Tax season can be a nerve-racking time, especially for truck drivers and operators worried they’ll make a mistake severe enough to trigger an audit. Truckers transitioning to owner-operators may be unsure of the tax laws they must follow now that they do not share responsibility with their employer to collect and remit withholding taxes. Lacking the experience and knowledge to prepare taxes can lead to penalties and additional work later. Here are common tax mistakes truckers should avoid:
Your “system” can refer to your record-keeping methods, software, schedule, or all the mentioned. What’s important is that you’re managing your finances consistently. It’s better to commit some time each day to bookkeeping rather than cramming, which makes you more susceptible to making costly mistakes.
Work-related tax deductions depend on whether you’re a company driver or an owner-operator; ultimately, they reduce your adjusted gross income and allow you to pay less in taxes. However, you can’t claim and benefit from these deductions if you’re not keeping a careful record of the costs.
It doesn’t matter how small the amount; all work-related receipts should be saved and organized. After all, small amounts added up can become significant and impact your calculations. Organizing receipts has become more manageable now that there are smartphone apps that can scan and save receipts. It also helps to keep an envelope in your truck to store paper receipts.
Per diem tax laws apply to both independent contractors and owner-operators, allowing truckers to potentially enjoy thousands of dollars in tax savings. So, by not staying up-to-date on per-diem changes and rates, you may not be calculating your deductions correctly and paying more than you should.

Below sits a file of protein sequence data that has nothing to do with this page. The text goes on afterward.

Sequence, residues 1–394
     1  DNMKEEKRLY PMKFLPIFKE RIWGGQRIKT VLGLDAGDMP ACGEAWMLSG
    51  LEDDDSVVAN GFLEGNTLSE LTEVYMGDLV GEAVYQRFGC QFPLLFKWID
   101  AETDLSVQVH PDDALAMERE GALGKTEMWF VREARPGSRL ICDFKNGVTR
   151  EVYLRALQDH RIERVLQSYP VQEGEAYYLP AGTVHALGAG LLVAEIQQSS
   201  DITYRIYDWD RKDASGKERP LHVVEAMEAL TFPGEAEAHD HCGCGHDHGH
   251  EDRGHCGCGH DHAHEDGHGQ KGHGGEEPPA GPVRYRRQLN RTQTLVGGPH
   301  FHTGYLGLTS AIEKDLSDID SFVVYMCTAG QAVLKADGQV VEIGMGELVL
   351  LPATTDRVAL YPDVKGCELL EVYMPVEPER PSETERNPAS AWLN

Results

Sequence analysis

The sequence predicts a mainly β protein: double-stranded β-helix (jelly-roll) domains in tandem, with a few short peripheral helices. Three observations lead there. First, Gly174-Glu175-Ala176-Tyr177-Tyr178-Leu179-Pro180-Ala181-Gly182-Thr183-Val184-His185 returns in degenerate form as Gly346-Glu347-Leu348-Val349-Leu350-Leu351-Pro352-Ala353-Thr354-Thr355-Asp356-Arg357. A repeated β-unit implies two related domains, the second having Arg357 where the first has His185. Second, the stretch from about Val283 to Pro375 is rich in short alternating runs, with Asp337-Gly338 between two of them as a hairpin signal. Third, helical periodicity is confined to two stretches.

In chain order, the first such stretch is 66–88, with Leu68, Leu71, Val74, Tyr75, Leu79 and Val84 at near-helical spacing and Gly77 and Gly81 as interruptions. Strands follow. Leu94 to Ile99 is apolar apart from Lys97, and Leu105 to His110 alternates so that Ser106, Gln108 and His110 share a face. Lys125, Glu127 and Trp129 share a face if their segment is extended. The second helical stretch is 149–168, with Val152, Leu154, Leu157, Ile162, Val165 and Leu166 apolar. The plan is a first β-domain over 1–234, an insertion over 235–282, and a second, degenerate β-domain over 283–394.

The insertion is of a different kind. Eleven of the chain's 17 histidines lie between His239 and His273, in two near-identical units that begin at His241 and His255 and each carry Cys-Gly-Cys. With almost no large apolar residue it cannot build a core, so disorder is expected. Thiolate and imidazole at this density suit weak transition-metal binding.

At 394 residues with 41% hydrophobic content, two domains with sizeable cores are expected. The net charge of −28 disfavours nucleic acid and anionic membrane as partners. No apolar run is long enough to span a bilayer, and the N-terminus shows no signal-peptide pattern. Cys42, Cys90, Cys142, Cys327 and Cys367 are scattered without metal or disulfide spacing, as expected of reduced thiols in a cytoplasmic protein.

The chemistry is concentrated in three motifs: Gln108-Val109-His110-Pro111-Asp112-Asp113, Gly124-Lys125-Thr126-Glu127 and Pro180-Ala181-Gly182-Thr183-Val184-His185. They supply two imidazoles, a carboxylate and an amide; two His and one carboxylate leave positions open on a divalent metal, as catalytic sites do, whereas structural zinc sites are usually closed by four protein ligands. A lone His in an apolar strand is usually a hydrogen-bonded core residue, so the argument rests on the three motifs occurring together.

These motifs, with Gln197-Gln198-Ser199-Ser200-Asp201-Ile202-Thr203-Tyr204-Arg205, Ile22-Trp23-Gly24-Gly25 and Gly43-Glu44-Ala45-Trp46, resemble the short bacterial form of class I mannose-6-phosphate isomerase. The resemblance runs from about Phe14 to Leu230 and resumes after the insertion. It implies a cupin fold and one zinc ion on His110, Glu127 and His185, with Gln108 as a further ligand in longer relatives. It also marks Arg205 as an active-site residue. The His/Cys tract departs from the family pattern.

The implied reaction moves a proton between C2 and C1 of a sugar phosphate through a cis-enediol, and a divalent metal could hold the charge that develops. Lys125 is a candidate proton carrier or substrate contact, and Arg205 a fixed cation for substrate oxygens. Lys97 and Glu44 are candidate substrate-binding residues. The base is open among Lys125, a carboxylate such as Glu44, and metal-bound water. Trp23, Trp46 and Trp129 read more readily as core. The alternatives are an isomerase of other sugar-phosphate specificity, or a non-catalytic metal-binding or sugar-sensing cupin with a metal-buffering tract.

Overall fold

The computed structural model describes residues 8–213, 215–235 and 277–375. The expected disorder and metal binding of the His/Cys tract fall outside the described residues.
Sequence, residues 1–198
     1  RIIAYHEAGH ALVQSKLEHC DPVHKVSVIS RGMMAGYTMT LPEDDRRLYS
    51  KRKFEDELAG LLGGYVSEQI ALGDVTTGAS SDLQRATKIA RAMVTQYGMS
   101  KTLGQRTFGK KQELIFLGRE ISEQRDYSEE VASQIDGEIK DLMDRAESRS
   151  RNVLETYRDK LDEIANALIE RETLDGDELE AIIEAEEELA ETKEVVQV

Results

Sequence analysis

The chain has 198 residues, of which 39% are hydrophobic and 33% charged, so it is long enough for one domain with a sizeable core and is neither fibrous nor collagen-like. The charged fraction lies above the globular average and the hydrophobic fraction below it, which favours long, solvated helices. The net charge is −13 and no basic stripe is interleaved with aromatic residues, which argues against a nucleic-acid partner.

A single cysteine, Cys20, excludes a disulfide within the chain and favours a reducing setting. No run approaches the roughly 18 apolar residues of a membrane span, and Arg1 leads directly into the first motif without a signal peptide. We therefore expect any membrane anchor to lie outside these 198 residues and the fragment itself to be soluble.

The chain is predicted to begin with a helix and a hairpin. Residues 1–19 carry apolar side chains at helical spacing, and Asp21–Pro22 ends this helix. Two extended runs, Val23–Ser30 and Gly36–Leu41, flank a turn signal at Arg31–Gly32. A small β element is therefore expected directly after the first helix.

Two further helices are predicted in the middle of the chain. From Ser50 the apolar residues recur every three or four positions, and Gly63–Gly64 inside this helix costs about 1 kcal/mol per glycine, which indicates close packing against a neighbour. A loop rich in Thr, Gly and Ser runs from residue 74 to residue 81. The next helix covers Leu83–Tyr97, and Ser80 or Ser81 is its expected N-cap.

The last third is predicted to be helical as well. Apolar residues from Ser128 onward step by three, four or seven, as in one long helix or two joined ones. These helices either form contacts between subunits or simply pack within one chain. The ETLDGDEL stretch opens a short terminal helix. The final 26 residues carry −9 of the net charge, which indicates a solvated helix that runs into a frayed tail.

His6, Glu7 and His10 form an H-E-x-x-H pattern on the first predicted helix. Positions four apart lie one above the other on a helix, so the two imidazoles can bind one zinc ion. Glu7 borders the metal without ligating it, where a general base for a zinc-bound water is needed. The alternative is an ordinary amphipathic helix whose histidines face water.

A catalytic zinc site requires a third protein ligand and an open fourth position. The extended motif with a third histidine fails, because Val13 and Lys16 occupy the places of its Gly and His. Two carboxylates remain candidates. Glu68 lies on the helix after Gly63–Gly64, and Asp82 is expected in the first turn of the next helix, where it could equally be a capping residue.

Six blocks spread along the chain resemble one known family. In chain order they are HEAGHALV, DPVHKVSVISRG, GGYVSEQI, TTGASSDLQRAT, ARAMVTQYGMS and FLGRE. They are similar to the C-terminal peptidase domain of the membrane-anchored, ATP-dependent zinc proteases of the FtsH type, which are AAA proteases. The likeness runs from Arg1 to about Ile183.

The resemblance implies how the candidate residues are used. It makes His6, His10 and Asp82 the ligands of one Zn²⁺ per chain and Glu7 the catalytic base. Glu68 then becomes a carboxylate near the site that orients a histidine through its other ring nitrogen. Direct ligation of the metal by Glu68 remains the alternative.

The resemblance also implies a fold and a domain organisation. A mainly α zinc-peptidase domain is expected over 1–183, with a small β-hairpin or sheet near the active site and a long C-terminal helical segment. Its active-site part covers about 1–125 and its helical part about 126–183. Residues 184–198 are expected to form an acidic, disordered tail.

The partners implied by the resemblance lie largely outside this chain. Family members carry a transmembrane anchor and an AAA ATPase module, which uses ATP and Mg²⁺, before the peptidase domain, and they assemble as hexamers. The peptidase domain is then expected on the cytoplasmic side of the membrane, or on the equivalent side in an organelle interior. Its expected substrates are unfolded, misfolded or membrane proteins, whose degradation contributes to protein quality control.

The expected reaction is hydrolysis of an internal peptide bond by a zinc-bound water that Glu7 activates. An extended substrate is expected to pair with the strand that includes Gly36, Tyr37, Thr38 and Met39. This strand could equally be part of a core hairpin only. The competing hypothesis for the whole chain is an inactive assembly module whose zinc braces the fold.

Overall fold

Case study: Self-Employed Taxpayer's Income Drops Significantly Before He Can Pay his Tax Liability Our taxpayer was previously a successful commodities trader with The Seattle Board of Trade and was self-employed. Because he was so successful in his business, our taxpayer incurred a substantial tax liability, at one point reaching $1.6 million. Because of a downturn in his business, our taxpayer's income substantially dropped, he lost his ability to trade commodities and had to entirely change his career. Our taxpayer then worked as a delivery driver earning substantially less money than he did in the past. We filed an Offer in Compromise on behalf of our taxpayer and settled the case for $2,000.00 against a $1.6 million dollar liability. Our taxpayer is now free of his prior debt to the IRS.
Many states don’t require fleet owners or independent owner-operators to create a business entity. If you don’t choose a business entity, the state may consider it a sole proprietorship by default. The problem with this as a trucking business is that you may not be able to protect your assets or take advantage of specific trucking industry-related tax savings.
Also, you’ll need a business entity in place if you want to have a legal agreement for a partnership with a motor carrier. A partnership agreement will outline how to split the income and report it on tax returns.
If you’ve transitioned from being an employee of a logistics company to an owner-operator mid-tax season, don’t make the mistake of filing a W2 and 1099 separately. This is also the case if you work for a company part-time but are also an independent contractor.
For example, as an employee with a W2, you should no longer take a mileage deduction if you’ve transitioned mid-year to an owner-operator who is entitled to both maintenance and mileage deductions. Therefore, filing your tax return documents separately from your business income can result in penalties and audit flags.
If you’re in doubt about tax season, consult a tax solutions professional. If you require additional tax-related advice and tax problem resolutions, contact us at Golden Tax Relief.